If you sort by tax savings by percent (rightmost column) you’ll see that the average taxpayer in the 25% tax bracket with a $300k mortgage (which would imply a $375k house, assuming 20% down) will only get a tax savings of 5% of the total interest plus real estate taxes paid. Even for somebody in the highest tax bracket with a $500k house at a 5% interest rate the tax savings only equal 26.3% of the interest paid.

What percentage of taxpayers itemize their deductions? Well, as of 2013 (the most recent year the data was available) only 30.1% of taxpayers itemized their deduction. That same year 64.5% of Americans owned their own home. That means that less than 1/2 of homeowners realized no tax deduction from their mortgage interest.

This is exactly what we’d expect from the calculations above.

Why you should pay down your mortgage

Given the high valuations in the stock market and low-interest rates today I think that for most people paying down your mortgage will likely provide a better return in the near and medium term.

In the past, when the market is 20% overvalued it has posted an average -0.3% return over the next 5 years. I recently calculated that the S&P is approximately 60% overvalued. Given the high valuations, I would expect the S&P to produce an annualized negative return over the next 5 years. In contrast, paying down a mortgage at with a 4.5% interest rate results in a guaranteed 4.5% return. Not only that, but it also dramatically improves your financial position.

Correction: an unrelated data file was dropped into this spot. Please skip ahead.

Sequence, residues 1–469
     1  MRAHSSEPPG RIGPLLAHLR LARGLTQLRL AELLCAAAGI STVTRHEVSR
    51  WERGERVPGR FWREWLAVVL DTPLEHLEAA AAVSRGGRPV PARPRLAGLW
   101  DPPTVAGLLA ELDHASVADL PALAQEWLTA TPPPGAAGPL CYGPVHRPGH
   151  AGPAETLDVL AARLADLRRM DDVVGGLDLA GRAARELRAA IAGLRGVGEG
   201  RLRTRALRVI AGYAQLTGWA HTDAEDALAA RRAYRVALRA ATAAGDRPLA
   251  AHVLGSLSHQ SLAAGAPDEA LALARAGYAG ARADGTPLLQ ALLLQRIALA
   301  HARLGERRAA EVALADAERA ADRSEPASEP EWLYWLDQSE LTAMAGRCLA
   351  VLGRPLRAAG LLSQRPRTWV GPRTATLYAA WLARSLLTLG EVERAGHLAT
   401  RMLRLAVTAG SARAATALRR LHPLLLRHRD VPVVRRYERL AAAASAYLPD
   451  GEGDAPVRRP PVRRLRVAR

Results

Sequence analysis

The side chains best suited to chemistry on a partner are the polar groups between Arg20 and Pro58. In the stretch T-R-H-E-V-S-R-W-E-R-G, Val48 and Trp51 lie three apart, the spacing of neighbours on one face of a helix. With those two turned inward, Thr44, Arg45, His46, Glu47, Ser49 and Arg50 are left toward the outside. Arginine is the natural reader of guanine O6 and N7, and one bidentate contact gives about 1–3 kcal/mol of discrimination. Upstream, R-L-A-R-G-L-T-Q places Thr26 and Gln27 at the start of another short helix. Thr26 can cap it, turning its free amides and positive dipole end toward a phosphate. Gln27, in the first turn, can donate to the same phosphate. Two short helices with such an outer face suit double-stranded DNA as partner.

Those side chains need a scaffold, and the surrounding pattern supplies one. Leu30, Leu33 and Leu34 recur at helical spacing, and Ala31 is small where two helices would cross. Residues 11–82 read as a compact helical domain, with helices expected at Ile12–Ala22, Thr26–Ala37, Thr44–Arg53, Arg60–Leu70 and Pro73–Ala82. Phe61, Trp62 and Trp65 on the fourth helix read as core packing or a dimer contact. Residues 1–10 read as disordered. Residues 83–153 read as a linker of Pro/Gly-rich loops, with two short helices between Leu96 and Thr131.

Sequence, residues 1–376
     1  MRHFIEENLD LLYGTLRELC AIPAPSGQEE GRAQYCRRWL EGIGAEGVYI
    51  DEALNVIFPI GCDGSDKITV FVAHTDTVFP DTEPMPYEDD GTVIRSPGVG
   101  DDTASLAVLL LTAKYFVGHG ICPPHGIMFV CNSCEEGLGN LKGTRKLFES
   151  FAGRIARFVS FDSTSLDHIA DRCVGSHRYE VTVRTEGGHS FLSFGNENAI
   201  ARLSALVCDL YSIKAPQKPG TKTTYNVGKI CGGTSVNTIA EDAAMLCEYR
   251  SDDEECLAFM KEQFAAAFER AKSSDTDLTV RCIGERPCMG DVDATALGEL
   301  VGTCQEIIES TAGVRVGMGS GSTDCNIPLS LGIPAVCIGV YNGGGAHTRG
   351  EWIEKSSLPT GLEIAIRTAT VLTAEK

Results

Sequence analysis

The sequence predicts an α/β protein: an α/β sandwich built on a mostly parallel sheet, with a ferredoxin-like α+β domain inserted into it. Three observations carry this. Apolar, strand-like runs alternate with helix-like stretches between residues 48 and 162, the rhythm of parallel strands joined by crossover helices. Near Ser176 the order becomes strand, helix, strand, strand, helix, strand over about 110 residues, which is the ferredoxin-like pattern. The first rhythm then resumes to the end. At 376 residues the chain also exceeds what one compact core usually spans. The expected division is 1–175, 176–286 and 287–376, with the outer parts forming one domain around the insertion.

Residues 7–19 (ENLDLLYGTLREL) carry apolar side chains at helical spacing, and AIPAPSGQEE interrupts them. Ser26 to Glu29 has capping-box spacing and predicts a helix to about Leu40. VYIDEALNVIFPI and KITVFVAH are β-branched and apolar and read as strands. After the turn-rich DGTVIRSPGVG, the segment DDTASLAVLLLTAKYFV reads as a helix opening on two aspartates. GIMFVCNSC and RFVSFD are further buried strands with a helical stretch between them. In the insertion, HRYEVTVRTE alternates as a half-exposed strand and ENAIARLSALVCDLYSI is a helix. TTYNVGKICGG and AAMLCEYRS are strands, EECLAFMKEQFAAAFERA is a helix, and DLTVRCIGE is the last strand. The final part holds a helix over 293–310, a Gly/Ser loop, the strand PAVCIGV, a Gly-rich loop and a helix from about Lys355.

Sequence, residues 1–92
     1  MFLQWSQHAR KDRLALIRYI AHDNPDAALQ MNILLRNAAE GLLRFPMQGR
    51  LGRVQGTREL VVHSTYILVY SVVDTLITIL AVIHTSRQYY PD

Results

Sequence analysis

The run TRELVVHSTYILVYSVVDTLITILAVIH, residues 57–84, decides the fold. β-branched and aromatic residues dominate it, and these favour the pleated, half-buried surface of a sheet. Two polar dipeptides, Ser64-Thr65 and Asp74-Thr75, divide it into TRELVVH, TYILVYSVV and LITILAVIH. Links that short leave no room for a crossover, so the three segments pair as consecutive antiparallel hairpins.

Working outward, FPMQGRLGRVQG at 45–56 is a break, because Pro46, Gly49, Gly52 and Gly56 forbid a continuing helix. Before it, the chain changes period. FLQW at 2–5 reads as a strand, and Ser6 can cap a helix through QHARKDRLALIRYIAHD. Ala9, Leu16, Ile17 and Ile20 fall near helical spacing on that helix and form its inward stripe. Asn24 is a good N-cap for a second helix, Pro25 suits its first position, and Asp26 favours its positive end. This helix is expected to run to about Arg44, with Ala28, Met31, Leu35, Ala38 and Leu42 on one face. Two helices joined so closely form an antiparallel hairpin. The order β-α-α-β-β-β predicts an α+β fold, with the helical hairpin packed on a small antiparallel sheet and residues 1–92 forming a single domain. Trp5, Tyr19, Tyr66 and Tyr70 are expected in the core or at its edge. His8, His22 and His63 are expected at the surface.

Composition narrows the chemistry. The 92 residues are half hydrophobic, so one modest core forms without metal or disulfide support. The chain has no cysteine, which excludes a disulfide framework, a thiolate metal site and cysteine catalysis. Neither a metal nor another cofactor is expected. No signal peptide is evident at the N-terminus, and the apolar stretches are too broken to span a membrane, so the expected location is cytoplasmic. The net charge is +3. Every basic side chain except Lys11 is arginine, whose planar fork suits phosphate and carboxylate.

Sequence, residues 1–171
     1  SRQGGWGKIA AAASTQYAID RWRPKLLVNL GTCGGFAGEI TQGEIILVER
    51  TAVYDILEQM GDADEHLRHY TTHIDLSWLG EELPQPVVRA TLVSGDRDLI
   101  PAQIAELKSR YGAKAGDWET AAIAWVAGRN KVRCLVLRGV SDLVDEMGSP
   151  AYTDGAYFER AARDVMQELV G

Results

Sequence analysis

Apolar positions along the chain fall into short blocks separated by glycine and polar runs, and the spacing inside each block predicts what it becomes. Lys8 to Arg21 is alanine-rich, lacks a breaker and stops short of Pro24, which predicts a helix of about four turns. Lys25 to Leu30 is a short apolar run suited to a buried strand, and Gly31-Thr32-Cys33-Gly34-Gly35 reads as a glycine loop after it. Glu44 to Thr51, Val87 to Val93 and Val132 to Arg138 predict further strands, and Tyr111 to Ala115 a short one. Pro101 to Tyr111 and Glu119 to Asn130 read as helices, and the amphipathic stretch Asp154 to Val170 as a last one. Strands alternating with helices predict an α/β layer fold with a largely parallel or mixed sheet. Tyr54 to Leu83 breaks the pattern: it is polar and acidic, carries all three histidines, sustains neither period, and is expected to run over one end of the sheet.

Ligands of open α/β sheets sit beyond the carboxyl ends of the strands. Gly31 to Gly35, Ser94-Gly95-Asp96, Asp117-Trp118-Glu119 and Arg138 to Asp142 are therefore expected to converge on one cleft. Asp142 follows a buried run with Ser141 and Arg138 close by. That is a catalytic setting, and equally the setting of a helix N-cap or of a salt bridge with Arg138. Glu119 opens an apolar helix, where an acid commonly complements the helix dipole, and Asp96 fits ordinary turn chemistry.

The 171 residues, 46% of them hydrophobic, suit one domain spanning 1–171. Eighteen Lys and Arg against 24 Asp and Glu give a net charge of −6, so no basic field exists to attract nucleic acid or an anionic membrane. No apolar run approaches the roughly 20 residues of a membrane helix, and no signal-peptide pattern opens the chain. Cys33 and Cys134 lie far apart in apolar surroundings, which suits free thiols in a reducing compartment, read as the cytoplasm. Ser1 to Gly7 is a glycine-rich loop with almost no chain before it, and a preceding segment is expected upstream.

Why does paying your mortgage down improve your financial position more than just investing the money? After all, you’re just moving money from one pocket to the other, right?

Well, think of it this way – which of these 2 people has a stronger balance sheet:

  • Person A – $5M in assets, $4m in debt
  • Person B – $1M in assets, no debt

They both have a net worth of $1M, but Person B is clearly in a stronger financial position. They can easily borrow money if needed and they have no debt to service. If the value of their assets drops by 25% they will still have a net worth of $750k. If Person A has his assets decrease in value by 25% he will suddenly have net worth of -$250,000 (yes, negative net worth).


For the average person who owns the average house the home mortgage interest deduction has no value. By almost any metric, the stock market is overvalued and will likely have a negative return over the next 5 years. Compared to the guaranteed return from paying down your mortgage the choice is easy.

Note that this isn’t always the case. The expected return from the market over any 5-10 year period depends largely on the starting valuation. If the market was cheaper the expected return would be higher. In that case it would make much more sense to invest your money rather than pay down your mortgage.

Nothing is guaranteed in investing and finances, but the way to get rich is to invest only when the odds are in your favor.





6 thoughts on “You’re overestimating the value of your mortgage

  1. I totally agree with this analysis and your sentiment on the market being overvalued. That is exactly why my wife and I are working to have our 30-year mortgage paid off in 7 years or less. We are already into year 3 of our original 7 year plan.